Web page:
2. The Stanley Cup Playoffs. Even when our Minnesota Wild aren't in them, I love the Stanley Cup Playoffs. In the hockey world, there's only two events that come close to NHL playoff hockey (see #3 and #4). You can sense that the players are really playing for more than just a paycheck, perhaps a bit of honor, almost like they play for immortality. One commercial from last year's finals created the sense of what it must be like:
One of the greatest commercials ever made.
3. Olympic hockey. Not that I was even alive for the 'Miracle on Ice', but I've always had the impression and sense that Olympic hockey was always about more than Nationalism or pride. Often it seems that the ability to take to the ice, play within the bounds of a structured, rule-enforced game, was almost a graceful way to settle international tensions, even if they didn't settle the disputes. Nationalism only adds to it. When you see the guys take center ice after winning a medal, watch them hear their National Anthem played, watch them sing along, you know that they are proud to have represented their country. There's a lot of honor in that.
4. High School Hockey. There's no single tournament, with the notable exception of the other 2 mentioned above, that outshines the MSHSL Tourney. Every year I'd sit down (often times call in sick to work) and watch from start to finish. I remember a few times as a kid going to bed after the triple overtime games, and despite how tired I was, I still couldn't sleep from the excitement. I can't wait for March to come!
5. (Yeah, I'm a bit weird).
HW: Why are you a Wild fan?
JL: I hate to admit it, but I'm so very much a homer. I used to listen to games when they weren't televised back in 2000. I remember being mad when the games weren't even on the radio. I'm one of the diehards you love to hate. I'm the guy who insists that the Wild have a chance to make a cup run each and every year, because of the HARD WORK (sorry Tom) they put out.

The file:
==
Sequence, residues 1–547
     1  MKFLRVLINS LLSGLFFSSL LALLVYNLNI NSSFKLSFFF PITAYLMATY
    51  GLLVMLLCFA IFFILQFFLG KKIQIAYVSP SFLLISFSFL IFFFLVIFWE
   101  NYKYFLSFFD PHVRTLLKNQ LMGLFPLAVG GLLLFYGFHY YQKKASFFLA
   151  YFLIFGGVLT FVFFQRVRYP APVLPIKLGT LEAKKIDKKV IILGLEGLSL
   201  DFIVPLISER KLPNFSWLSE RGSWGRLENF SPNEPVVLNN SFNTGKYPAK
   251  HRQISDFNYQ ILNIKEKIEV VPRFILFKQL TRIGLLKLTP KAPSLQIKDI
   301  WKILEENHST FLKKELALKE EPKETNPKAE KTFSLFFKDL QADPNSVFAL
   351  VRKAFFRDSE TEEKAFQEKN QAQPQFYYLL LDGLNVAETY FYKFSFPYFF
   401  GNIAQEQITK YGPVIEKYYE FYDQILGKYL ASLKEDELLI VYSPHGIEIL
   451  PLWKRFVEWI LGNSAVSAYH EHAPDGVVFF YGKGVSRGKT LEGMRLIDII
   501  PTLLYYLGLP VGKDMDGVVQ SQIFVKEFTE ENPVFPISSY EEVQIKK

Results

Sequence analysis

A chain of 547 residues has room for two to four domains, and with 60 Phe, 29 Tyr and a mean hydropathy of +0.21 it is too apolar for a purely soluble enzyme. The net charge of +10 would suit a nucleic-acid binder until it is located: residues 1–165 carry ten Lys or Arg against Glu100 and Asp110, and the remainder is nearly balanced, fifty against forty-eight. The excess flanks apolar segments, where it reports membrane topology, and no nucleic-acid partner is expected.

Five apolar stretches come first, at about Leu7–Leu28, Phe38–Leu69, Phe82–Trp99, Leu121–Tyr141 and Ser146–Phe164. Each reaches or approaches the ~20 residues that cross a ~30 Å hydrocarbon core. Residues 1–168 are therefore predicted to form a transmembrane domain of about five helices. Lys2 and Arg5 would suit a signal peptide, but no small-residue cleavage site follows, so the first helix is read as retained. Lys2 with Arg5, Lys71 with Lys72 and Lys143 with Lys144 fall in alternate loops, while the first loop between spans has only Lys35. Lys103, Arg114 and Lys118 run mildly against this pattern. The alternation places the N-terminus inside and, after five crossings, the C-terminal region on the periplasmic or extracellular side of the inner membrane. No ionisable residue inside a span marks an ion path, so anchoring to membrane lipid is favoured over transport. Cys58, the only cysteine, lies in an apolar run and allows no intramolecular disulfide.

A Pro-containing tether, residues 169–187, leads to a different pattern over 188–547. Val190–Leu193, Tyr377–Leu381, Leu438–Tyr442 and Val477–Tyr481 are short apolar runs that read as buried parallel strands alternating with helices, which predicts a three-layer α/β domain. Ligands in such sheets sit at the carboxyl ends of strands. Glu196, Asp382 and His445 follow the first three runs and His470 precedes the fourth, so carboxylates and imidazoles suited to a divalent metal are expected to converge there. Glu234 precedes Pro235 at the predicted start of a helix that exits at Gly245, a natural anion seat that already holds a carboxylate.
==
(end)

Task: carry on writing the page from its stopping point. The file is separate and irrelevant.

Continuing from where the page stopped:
I think of the comebacks in the 2003 Playoffs. I think of the April 2007 Game 4 in St. Paul Vs Anaheim. I think of great individual efforts, where players carry a team on their backs. Like Wes Walz leading a newly organized team in 2000. Miko Koivu skating past the Vancouver bench and screaming a big "F-ck Yeah" after scoring, Greg Zanon's ability to be a puck magnet and play with a broken foot.
I really love the story lines that this team creates. I love the bring your lunch pail, blue-collar, get-R-done attitude that these guys, the Minnesota Wild, play with. Honestly, what would this franchise be without guys like Darby Hendrickson, Nick Schultz, Andrew Brunette, Jim Dowd, Andrew Brunette, Brian Rolston, John Madden, Owen Nolan, and Miko Koivu?
I love the Xcel Energy Center, sometimes I wonder how we don't sell out every single game, even at the prices that tickets are, just because of the venue we have. You could put two half-blinded rabid squirrels in the arena, and charge $10.00 a seat and it would still be worth going to watch just because of the building and atmosphere.
HW: Who is your favorite Wild player?
JL: Currenty, I've got to give some love to Mikko Koivu, Brent Burns, and of course Cal Clutterbuck. Those guys work so hard. They persevere in ways that make us proud to have them on our team.
HW: Who is your favorite NHL player (current or former)?
JL: Current: Cal Clutterbuck. Former: Wes Walz.